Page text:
Not sure if a compaq would support changing the multiplier. Do a little prying in your bios and see if you can. Also check to see if it allows changing voltages. I somehow doubt it. If you can, it would be worth it to go for the 5000+ Black Edition. If you can't, then grab a 4800+, 5200+, or whatever fits your budget The compaq probably says that it only supports the 4800+ because that was the fastest at the time. A bios update should allow you to use any of the newer AM2 processors. If you want good comparisons between your old CPU and a 4800+ X2 or others, check out the CPU charts on the home page of tomshardware.

http://www23.tomshardware.com/cpu_2007.html?modelx=33&m...
January 31, 2008 3:46:13 AM

I upgraded from a 4200+ to a 6400+ and the difference is astonishing; much greater that I had anticipated. My GPU is an 8800 GTS 320.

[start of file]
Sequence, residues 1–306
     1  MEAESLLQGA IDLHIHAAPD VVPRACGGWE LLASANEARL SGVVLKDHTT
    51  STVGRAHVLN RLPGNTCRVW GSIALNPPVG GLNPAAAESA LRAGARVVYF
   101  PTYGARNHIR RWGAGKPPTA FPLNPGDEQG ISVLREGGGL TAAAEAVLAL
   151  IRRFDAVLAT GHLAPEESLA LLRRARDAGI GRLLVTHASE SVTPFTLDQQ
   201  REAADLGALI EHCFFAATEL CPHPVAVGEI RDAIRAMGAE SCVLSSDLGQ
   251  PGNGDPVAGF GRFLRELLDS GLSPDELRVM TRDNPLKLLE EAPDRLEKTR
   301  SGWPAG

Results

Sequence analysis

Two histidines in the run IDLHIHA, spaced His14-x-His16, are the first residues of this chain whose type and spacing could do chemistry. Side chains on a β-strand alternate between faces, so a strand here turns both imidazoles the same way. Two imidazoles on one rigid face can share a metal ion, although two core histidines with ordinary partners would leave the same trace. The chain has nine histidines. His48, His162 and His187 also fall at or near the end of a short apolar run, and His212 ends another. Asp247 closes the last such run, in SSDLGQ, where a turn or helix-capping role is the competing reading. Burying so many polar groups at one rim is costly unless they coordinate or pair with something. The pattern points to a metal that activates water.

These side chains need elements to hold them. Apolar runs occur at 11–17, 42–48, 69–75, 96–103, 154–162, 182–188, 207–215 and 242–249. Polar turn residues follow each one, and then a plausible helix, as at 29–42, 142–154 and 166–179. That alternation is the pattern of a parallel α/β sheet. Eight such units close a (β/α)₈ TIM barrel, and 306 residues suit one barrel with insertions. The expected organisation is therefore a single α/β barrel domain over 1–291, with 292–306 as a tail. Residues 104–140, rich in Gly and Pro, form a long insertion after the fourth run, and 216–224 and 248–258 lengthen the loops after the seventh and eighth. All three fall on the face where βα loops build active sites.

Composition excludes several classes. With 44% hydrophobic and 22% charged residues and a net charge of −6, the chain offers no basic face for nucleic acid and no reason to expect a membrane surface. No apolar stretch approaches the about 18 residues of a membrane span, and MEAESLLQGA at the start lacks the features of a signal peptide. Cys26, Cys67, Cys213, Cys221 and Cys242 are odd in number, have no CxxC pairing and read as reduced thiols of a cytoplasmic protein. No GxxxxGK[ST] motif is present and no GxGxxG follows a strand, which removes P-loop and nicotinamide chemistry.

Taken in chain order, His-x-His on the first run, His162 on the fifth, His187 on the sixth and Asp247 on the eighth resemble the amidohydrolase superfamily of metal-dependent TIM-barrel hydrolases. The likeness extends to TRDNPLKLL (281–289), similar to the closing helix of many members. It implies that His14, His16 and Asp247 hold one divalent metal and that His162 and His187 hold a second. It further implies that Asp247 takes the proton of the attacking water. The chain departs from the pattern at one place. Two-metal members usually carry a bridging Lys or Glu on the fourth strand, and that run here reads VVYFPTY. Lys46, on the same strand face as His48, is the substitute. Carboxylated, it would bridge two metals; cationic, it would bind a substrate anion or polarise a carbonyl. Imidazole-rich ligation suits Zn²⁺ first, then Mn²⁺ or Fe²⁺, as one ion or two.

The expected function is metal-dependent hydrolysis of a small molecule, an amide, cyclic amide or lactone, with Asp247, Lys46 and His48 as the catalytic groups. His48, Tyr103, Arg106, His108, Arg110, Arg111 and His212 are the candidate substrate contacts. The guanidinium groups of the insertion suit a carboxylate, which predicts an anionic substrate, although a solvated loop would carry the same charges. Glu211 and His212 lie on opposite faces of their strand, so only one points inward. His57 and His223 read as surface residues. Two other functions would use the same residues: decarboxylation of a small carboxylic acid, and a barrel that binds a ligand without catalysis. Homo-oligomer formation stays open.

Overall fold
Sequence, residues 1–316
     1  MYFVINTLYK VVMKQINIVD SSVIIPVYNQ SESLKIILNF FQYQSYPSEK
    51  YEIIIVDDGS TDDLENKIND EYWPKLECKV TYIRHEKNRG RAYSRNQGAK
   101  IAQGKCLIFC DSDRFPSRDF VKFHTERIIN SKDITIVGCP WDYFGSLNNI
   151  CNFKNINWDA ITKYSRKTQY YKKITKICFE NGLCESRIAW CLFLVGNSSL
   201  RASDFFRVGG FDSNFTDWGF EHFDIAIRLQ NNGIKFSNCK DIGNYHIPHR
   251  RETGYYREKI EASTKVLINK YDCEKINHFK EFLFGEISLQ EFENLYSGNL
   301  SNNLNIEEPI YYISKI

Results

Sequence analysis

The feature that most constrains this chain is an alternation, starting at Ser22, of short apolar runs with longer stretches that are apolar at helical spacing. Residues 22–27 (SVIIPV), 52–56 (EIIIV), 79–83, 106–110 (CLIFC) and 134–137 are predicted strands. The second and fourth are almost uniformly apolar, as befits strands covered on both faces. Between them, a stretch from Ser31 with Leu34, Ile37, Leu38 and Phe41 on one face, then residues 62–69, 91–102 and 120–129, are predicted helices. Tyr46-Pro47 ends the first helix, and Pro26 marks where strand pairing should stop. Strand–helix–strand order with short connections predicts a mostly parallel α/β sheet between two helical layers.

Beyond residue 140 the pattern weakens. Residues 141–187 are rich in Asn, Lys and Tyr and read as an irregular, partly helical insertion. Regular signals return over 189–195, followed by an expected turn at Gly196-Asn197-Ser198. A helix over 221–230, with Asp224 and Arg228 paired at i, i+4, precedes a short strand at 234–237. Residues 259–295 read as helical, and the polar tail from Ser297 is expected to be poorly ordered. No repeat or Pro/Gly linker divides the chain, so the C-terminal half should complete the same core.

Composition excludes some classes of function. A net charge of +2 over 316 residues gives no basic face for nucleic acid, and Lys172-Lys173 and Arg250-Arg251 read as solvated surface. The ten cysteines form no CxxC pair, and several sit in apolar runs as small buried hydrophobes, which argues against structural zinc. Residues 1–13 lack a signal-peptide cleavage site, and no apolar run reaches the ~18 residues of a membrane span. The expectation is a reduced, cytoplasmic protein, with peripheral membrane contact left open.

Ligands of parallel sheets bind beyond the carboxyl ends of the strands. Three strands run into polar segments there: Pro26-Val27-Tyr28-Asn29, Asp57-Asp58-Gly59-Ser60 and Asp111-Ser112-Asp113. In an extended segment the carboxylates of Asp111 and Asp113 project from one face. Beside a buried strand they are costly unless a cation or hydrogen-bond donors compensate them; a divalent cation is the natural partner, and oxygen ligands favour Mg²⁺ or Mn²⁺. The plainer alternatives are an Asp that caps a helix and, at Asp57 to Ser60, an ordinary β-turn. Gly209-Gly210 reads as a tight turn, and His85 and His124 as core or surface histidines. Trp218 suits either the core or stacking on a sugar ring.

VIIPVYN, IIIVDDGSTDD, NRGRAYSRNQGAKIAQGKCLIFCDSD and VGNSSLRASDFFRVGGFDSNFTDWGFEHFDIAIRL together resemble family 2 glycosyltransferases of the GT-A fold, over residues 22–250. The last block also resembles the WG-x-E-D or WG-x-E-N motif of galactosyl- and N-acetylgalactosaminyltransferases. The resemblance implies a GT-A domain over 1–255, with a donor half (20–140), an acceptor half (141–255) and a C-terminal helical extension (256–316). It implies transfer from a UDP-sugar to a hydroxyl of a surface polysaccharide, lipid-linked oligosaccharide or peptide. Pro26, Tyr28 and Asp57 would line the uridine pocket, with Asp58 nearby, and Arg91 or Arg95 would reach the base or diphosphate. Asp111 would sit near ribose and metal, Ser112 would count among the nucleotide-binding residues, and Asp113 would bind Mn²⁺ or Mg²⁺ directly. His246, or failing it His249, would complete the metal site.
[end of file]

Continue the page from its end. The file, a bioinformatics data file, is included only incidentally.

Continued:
Ex: 3D Mark 06 - 7668 with the 4200+, 10024 with the 6400+ (I couldn't believe it broke 10000).

Ex. of pure gaming improvement: Fear settings test (1680x1050, 4xAA,16xAF all settings maxed)

4200+: min fps 28, ave fps 44, max fps 61, 39% 25-40 fps, 61% 40+fps.

6400+ : min fps 44, ave fps 58, max fps 66, 100% above 40 fps.
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January 31, 2008 4:20:57 AM

For all the upgrading you want to do, you're better off buying a new machine. The major drawback will the locked BIOS on the proprietary micro-ATX Compaq mobo, plus no room in that case. I have a Compaq where an FX5200 almost hits the IDE cable on the hard drive.